Bogged down by an appaling women rights record — due to female foeticide, infanticide and human trafficking — India has been ranked the fourth most dangerous country in the world for women, a Thomson Reuters Foundation poll, declared Tuesday, has revealed.
The poll ranks Afghanistan as
the most dangerous country for women followed by Democratic Republic of Congo, Pakistan, India and the war-torn Somalia.
Of the top five most dangerous countries for women, three are in south Asia. This is despite the fact that the region has an impressive record of women reaching the highest political echelons.
"This survey shows that 'hidden dangers' such as lack of education or terrible access to healthcare are as deadly, if not more so, than physical dangers like rape and murder, which usually grab the headlines. In the top five countries, basic human rights are systematically denied to women," said Monique Villa, chief executive, Thomson Reuters Foundation.
The poll by TrustLaw, the Foundation's anti-corruption and women's rights news and information service, posted queries to 213 aid professionals, academics, health workers, policymakers, journalists and development specialists-all gender experts-from five continents to establish the "most dangerous countries for women". India scored the highest or the worst when it came to trafficking.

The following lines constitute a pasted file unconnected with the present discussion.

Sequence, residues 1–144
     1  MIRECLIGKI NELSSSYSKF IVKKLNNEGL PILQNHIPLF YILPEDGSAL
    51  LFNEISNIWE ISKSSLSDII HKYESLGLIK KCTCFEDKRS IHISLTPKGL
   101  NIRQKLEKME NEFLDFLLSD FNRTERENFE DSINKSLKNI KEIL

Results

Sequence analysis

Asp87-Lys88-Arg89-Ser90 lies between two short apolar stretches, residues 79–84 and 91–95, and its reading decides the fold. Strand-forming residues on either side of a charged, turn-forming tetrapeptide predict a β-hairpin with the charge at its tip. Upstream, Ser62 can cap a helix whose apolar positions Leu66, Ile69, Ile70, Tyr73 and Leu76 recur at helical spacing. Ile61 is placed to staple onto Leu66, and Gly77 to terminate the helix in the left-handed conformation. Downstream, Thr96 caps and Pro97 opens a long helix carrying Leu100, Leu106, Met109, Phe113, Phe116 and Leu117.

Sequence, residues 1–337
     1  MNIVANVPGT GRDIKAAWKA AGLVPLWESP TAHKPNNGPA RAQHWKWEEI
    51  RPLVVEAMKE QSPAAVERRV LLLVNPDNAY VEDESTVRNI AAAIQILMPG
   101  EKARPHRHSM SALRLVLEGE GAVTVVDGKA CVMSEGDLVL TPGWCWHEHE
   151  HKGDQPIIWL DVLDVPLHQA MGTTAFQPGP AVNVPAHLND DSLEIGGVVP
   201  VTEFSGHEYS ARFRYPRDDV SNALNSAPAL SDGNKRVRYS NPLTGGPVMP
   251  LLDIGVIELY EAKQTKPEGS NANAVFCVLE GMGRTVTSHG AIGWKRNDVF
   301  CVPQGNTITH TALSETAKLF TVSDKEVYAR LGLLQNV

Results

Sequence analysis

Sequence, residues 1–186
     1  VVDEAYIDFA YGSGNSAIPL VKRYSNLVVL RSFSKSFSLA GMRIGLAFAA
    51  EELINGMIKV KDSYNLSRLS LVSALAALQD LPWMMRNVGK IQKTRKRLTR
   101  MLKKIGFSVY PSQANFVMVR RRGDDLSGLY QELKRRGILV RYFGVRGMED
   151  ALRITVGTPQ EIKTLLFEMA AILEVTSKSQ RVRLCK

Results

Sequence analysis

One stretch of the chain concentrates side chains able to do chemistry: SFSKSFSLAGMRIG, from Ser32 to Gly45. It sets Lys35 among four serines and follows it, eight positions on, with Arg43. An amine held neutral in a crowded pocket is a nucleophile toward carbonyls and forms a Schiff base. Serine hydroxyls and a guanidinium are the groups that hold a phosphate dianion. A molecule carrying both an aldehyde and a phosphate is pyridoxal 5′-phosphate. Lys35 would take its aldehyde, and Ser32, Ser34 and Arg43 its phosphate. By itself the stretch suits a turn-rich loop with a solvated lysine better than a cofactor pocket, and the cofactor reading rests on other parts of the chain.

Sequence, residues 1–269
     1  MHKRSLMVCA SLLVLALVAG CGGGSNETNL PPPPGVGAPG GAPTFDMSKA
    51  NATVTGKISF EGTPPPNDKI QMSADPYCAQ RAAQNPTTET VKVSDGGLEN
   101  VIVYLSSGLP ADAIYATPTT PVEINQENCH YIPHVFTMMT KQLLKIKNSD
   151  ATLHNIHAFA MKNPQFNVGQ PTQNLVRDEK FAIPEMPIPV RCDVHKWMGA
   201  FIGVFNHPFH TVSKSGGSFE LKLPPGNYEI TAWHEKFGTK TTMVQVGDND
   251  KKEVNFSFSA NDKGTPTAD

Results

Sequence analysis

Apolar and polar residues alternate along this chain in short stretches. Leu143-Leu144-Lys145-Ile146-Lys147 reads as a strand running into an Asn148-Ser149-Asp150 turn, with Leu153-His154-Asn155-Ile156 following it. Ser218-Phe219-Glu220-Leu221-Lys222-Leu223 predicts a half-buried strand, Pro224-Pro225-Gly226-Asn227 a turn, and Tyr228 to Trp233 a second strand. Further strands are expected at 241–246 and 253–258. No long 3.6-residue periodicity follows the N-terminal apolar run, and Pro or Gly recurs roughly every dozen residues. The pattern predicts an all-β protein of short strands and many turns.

"It is true that South Asians don't, in general, value their daughters, which for instance is apparent in the dwindling gender ratio in India. Domestic violence is rampant and various forms of sexual assault often remain an untold horror that women endure," says Meenakshi Ganguly, Human Rights Watch's (HRW) South Asia director.
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